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The National Household Survey (NHS) was a supplement to the 2011 Census which was used only in 2011 to replace the long-form Census that year.

In 2011, all Canadian households completed the short Census. In previous Census years, and again in 2016, one in five households also completed the 'long-form Census' with almost 60 questions. This 20% sample was representative of the full Canadian population. In 2011, this mandatory 'long-form Census' was replaced with the voluntary NHS containing 64 questions. Most of these were identical to the previous long-form Census, but the survey method was different.

A large sample of Canadian households was asked to complete the NHS, but because it was not required by law, many households did not do so. Hence, the NHS results may not reflect the full Canadian population as accurately as the former long-form Census. Statistics Canada did not release data from areas with poor NHS response rates, and collapsed more detailed variables into broader categories in order to ensure data quality and maintain confidentiality. The result was a less detailed picture of Canadians than in previous Census years.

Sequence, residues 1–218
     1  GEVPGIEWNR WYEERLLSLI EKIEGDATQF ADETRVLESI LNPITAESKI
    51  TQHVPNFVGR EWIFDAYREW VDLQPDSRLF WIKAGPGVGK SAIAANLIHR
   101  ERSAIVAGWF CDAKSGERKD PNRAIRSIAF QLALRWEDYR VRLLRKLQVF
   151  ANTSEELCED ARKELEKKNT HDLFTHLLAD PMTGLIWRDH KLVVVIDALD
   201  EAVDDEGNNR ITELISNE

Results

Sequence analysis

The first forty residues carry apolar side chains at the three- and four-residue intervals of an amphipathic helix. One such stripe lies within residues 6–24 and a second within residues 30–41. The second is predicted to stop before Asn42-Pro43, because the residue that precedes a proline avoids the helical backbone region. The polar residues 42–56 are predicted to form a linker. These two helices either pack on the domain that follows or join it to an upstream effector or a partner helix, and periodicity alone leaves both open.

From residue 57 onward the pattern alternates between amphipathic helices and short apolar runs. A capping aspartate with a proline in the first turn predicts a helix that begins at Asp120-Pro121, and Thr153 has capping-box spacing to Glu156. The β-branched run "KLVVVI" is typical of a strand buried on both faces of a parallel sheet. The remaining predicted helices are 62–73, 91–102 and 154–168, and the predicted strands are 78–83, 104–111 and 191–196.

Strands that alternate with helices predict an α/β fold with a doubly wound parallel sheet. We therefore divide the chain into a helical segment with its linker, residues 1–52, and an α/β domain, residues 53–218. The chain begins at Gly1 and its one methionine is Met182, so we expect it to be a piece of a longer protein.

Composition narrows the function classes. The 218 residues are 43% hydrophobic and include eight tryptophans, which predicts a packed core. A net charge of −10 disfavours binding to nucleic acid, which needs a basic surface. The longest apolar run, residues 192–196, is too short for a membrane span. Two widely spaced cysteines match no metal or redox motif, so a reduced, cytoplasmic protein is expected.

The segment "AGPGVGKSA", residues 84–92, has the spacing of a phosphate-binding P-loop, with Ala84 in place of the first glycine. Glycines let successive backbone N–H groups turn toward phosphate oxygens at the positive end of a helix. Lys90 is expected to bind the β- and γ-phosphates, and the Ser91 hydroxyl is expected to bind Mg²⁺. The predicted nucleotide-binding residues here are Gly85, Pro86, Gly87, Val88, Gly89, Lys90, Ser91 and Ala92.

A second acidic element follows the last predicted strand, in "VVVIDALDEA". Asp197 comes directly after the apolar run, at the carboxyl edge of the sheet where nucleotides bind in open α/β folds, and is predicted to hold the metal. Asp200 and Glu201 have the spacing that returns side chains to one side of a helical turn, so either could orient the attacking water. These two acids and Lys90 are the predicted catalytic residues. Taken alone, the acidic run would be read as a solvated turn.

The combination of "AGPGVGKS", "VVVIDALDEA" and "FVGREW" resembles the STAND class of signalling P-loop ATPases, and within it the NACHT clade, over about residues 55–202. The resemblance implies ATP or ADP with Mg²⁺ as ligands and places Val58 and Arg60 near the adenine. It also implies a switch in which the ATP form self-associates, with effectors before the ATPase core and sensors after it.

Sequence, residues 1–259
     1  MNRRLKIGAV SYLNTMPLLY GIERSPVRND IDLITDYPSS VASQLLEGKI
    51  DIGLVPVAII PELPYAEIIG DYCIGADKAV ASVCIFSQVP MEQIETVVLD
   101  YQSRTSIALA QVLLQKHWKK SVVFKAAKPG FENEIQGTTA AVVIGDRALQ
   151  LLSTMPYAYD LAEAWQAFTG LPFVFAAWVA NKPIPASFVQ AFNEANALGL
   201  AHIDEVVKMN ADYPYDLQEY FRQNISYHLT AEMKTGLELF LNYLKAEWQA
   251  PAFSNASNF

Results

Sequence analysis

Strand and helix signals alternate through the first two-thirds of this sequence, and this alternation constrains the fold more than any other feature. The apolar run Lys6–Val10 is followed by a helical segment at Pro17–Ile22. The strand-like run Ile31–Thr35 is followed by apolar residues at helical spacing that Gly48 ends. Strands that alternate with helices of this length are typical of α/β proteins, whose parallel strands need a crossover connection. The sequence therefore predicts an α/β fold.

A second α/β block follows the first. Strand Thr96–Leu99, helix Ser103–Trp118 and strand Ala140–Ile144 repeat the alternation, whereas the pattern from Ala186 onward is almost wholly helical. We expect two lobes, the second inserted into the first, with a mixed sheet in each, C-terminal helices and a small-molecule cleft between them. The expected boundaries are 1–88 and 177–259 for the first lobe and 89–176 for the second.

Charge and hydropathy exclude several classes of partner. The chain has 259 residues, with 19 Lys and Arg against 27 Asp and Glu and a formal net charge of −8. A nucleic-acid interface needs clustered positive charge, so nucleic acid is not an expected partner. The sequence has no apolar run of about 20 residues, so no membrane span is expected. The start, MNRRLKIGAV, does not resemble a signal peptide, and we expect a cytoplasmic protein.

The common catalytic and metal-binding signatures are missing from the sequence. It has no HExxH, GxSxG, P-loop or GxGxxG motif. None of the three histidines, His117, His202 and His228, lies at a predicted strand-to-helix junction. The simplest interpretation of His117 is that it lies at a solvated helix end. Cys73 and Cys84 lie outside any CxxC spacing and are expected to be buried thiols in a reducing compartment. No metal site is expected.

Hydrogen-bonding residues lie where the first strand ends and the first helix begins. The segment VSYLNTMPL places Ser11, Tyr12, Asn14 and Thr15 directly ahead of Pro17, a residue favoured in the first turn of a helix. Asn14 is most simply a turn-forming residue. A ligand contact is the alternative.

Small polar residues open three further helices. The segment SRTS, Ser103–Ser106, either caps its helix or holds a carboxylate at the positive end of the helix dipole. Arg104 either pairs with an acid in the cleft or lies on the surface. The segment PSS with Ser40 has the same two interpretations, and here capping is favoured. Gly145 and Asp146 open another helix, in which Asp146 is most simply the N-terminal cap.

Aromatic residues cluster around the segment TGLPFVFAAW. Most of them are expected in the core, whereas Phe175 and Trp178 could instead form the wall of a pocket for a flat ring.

What we used to call "Census data", was actually two separate collections of data in 2011. Because of the different methods used, data from the 2011 Census and the 2011 NHS cannot be combined. Likewise, caution is advised in comparing data from the 2011 NHS and other Censuses.

2011 Census:

  • contains only very basic information like age and sex
  • by law, all Canadian households must complete the Census, so the info is very reliable
2011 National Household Survey (NHS)
  • contains much more detailed information than the Census (e.g. family income, ethnic background, occupation, etc.)
  • results are less representative of all Canadians than the Census


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Beyond the Census


Statistics Canada takes great care to ensure that no publicly-released Census data can be used to identify an individual person or business.

This means that some data cannot be released, or must be combined (aggregated) into larger categories or bigger geographic areas to prevent such disclosure.